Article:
These days, Apple touts apps as “the future of TV” and is moving to develop its own programming.
Apple’s point man for TV is Mr. Cue, 51 years old, the company’s senior vice president of internet software and services. He grew close to Mr. Jobs after starting as an intern in 1989. Mr. Cue favors bright shirts and fast cars, is on the board of directors at auto makerFerrari NV and often spotted courtside at home games of the NBA’s Golden State Warriors.
Comcast Chairman and Chief Executive Brian Roberts at the 2015 Fortune Global Forum in San Francisco last November. Comcast owns NBCUniversal and is the largest cable-TV provider in the U.S., but it had trouble getting Apple to share important details about a planned streaming-TV service.PHOTO: DAVID PAUL MORRIS/BLOOMBERG NEWS
Mr. Cue is also known for a hard-nosed negotiating style. One cable-industry executive sums up Mr. Cue’s strategy as saying: “We’re Apple.”
By 2009, Apple executives were considering a subscription streaming-TV service. To entice media companies, Apple offered higher fees than pay-TV providers for their broadcast channels. But Apple wanted only certain channels, so the effort fizzled.
Two years later, Time Warner Cable Inc. approached Apple with a plan to offer a joint TV service over an Apple set-top box to battle satellite and telecom rivals, say people close to the talks. Apple Chief Executive Tim Cook and Mr. Cue began talks with Glenn Britt, then the cable provider’s CEO, and other executives.
Mr. Cook also approached Brian Roberts, the head of Comcast Corp., the largest cable-TV provider in the U.S., and promised that Apple’s set-top box and service would be offered exclusively through cable companies.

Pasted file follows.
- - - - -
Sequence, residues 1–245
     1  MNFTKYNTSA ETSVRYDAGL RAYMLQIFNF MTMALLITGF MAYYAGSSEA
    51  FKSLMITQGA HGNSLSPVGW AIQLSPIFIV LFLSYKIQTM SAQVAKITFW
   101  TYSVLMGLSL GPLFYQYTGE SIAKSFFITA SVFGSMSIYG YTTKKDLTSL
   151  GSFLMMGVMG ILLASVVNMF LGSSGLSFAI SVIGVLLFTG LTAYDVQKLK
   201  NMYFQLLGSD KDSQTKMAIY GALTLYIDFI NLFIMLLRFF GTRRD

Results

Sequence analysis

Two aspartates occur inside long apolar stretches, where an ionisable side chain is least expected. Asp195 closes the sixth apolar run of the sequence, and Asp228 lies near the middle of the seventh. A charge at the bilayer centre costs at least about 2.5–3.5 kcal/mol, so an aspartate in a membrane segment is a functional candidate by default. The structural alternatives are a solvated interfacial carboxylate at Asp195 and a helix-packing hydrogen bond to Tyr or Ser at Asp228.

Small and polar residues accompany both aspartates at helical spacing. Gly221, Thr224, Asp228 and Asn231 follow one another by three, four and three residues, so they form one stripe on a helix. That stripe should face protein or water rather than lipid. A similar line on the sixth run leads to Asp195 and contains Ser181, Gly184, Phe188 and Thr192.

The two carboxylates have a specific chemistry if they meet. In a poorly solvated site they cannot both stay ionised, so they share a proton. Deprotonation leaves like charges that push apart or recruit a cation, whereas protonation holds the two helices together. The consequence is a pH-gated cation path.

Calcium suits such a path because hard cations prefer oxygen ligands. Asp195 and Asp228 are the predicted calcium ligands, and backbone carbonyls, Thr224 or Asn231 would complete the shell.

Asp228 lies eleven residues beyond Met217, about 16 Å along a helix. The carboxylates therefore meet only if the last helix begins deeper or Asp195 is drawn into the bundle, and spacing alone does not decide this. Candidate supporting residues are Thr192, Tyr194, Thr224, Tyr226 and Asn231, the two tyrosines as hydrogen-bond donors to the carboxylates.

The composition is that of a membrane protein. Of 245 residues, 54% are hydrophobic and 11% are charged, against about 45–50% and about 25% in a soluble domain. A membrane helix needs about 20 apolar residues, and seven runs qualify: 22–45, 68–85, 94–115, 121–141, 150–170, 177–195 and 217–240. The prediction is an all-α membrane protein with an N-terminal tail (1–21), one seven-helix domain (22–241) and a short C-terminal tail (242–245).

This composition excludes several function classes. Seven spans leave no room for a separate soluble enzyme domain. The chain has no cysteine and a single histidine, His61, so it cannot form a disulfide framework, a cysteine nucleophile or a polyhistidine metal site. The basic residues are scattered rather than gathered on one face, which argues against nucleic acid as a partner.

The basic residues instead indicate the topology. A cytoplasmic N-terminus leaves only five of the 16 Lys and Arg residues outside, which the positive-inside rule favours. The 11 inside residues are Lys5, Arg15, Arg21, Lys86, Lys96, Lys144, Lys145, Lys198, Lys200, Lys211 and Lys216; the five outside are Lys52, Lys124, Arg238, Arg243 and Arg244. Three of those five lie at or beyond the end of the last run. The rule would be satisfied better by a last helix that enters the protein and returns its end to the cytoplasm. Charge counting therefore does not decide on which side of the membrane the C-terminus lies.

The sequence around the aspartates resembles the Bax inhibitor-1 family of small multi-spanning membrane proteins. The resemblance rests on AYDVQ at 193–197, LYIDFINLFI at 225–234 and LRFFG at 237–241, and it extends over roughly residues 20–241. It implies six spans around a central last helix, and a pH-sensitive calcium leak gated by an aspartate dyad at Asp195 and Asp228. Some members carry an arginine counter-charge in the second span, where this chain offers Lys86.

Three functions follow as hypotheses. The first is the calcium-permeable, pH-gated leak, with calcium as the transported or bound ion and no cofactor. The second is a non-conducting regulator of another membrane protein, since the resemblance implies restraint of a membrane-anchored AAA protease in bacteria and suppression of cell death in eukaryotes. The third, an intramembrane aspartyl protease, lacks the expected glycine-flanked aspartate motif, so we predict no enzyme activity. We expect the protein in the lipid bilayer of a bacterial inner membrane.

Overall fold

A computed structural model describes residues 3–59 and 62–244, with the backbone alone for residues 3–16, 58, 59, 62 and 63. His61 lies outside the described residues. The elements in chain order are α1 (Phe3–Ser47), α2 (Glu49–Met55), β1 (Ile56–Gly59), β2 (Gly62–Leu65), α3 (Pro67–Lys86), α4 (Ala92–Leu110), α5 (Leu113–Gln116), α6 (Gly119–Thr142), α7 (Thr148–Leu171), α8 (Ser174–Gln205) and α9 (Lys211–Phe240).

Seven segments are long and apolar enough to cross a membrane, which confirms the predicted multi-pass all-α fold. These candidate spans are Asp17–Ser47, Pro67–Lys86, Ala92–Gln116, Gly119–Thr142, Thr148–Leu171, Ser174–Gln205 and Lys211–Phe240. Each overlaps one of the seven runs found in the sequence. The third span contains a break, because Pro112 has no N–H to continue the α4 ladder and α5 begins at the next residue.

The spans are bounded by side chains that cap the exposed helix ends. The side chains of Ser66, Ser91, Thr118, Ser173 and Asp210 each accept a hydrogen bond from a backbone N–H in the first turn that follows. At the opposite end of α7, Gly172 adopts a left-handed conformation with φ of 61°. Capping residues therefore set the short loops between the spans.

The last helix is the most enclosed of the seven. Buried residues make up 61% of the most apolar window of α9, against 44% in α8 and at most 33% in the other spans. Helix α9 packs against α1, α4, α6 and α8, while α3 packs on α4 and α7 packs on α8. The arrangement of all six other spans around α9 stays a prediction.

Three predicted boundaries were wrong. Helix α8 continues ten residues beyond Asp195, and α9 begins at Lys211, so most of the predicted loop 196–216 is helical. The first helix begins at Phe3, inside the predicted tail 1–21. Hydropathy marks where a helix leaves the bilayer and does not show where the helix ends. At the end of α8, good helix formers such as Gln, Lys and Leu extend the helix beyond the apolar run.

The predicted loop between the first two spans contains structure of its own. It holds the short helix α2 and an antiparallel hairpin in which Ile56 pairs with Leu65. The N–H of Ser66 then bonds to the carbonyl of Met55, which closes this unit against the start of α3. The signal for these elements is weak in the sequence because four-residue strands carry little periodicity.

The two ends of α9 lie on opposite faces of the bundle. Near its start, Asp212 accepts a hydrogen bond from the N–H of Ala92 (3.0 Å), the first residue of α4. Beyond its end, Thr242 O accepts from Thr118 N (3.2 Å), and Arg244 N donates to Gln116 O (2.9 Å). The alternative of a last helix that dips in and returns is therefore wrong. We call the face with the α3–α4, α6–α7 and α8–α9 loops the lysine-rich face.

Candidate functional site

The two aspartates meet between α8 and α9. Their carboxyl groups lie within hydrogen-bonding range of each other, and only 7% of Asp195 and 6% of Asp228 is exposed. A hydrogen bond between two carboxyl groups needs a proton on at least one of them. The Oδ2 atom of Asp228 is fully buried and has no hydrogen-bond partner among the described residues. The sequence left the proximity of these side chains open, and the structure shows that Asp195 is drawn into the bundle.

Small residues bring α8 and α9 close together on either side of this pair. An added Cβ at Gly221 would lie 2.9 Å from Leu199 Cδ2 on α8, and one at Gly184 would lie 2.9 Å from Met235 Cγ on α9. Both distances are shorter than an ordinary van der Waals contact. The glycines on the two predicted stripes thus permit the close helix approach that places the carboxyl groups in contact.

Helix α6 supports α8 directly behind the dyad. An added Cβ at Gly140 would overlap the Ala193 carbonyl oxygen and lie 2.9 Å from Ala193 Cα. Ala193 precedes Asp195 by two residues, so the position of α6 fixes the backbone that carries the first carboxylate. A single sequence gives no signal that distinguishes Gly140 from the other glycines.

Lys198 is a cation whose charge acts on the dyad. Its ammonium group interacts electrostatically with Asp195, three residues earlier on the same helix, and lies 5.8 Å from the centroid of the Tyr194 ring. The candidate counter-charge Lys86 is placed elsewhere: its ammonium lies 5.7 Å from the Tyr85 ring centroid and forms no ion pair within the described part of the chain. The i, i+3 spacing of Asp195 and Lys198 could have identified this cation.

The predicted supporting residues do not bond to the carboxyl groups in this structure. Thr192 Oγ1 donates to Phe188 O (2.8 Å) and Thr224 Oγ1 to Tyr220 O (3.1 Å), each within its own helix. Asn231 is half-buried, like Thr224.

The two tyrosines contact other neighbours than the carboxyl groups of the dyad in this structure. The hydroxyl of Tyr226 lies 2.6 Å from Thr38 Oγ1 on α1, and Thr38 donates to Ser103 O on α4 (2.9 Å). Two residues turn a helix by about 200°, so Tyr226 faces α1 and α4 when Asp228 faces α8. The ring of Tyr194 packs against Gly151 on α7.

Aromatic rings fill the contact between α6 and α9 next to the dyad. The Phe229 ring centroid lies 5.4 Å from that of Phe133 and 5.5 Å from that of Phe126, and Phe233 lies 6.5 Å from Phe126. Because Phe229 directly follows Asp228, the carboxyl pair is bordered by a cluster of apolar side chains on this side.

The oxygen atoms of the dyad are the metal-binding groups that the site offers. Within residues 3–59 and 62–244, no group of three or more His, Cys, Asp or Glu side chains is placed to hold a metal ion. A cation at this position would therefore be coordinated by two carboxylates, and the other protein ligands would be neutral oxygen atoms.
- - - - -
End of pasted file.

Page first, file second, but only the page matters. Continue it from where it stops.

Apple sought payments of $10 a month per subscriber from the cable providers and refused to rule out seeking an even higher share of each monthly subscription in the future, according to people involved in the talks. It also wanted users to sign in with Apple IDs, even though Comcast and Time Warner Cable would handle billing and customer service.
Some people close to the talks say Apple was reluctant to share important details, including how subscribers would navigate the channel menu. Comcast’s Mr. Roberts didn’t see Apple’s proposed user interface.
“How about you sketch it on the back of this napkin?” Apple was asked at one meeting, say former Time Warner Cable executives. An Apple official replied that the software would be “better than anything you’ve ever had.”
In 2013, Mr. Cue met with Mr. Britt, Time Warner Inc. CEO Jeff Bewkes and other executives in Mr. Britt’s office overlooking Manhattan’s Central Park. Time Warner owns HBO, TNT, CNN and other channels.
Apple’s Mr. Cue arrived 10 minutes late and was wearing jeans, tennis shoes with no socks, and a Hawaiian shirt, says a person familiar with the meeting. The other executives were wearing suits.
The talks dragged on. Apple wanted full on-demand seasons of hit shows and rights to a vast, cloud-based digital video recorder that would automatically store top programs and allow ad-skipping in newly aired shows.
TV-channel owners “kept looking at the Apple guys like: ‘Do you have any idea how this industry works?’ ” one former Time Warner Cable executive says. Apple has said doing new things requires changes that often are unsettling.
By late 2014, the discussions had gone cold. Apple changed directions again, hoping to assemble a “skinny bundle” delivered over the internet.
Apple’s Mr. Cue began pitching Disney, Fox, CBS and other media companies on the streaming-TV service. The goal was to attract consumers who have dumped their cable-TV supplier with 25 popular channels, anchored by the broadcast networks.